Adjutant-Major Hamdy: El Obeiyad to Ferège and return,

221 miles.

Adjutant-Major Hamdy: El Obeiyad to Shershare, thence easterly to Shegeg, and return via Khoursi, 354 miles.

Lieutenant Yussuf Helmy and Lieutenant Haliel Fouzy: El Obeiyad to El Birkeh, thence via El Rahad to Gebal Kohn and return, 259 miles.

Two expeditions to Abou Harraze and Gebal Abou Senoon. In all these expeditions the linear distance has been determined by the time of marching, and the direction by the prismatic compass. It is only on the routes of Major Prout that any astronomical checks have been made; still these have often been sufficient to give some slight control of the positions determined by the various officers, and to convince one that the work with prismatic compass and watch has been carefully done.

The astronomical checks on the routes of Major Prout have been-1st. Latitude by direct determinations; 2nd. Longitudes by computed difference of longitude between two points, having the difference of latitude and the azimuth of the line connecting the points.

Latitudes. In the entire area of the map, the positions of which the latitudes have been independently determined, are twenty-one in number. The following is a list of the positions, with the number of the observations, the bodies observed, and the mean result :

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In every instance the error of the timepiece used in the observations has been determined with sufficient precision. The observations have been taken on both sides of the meridian, and within ten minutes of the time of culmination, and the reduction to the meridian has been made by the cos L cos D m tan a cos L cos Di2 {i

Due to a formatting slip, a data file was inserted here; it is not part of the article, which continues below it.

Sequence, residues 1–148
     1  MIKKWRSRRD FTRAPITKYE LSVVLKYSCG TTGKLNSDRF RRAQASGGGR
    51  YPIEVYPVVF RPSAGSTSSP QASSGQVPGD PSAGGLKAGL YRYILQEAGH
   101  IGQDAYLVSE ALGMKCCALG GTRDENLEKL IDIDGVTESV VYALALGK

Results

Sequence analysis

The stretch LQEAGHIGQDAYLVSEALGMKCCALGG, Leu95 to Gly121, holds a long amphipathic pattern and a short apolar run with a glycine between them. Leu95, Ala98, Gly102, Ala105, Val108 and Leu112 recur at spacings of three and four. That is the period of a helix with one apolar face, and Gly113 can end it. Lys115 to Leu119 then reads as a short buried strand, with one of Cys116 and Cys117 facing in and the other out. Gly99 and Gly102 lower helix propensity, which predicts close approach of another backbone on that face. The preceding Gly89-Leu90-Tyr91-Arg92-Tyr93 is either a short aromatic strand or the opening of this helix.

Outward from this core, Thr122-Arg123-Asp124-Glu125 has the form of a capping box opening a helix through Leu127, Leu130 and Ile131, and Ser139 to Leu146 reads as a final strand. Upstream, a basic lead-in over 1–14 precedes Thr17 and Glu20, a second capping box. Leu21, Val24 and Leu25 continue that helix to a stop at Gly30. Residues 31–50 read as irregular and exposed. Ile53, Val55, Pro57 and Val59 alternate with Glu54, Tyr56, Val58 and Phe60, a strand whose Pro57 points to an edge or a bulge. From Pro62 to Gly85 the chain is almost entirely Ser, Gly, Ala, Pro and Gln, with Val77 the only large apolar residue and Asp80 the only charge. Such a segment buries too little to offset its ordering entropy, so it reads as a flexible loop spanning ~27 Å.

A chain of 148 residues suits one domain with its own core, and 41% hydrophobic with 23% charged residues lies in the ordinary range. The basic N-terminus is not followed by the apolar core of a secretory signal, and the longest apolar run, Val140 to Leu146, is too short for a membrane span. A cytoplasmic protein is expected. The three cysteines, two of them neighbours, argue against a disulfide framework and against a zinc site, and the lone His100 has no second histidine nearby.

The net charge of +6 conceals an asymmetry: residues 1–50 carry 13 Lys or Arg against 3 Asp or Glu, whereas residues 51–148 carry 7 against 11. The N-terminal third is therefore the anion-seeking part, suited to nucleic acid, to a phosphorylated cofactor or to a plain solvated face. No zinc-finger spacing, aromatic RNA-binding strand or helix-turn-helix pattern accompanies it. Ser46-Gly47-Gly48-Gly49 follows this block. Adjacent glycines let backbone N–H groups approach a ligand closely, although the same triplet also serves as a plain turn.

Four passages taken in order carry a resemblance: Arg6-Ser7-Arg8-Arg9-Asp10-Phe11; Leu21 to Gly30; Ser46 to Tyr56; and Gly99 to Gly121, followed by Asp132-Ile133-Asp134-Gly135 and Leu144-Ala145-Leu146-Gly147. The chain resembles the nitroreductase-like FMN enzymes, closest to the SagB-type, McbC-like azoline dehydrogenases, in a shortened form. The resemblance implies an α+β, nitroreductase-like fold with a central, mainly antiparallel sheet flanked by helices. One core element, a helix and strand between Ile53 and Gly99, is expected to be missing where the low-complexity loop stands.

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The bodies observed have been so chosen that the altitudes north of the zenith were nearly equal in number and position to those south of the zenith, thus eliminating, as far as practicable, instrumental errors. In all cases where the error of eccentricity was not thus eliminated, the latitude has been corrected for that error as deduced from other observations.

Not only have the bodies been carefully selected, and the methods of reduction been the most exact practicable, but each individual altitude was taken with conscientious care. In the whole number of observations made, probably not more than six observed altitudes were rejected in the final computations, and I have no hesitation in presenting the results as worthy of great confidence.

Longitudes.-The positions connected in longitude with El Obeiyad by the method of the difference of latitudes and observed azimuths are

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I do not ask much confidence in the longitudes of the map. The determinations just mentioned have a certain value as checks upon the work with prismatic compass and watch. They are more exact than any independent determinations which I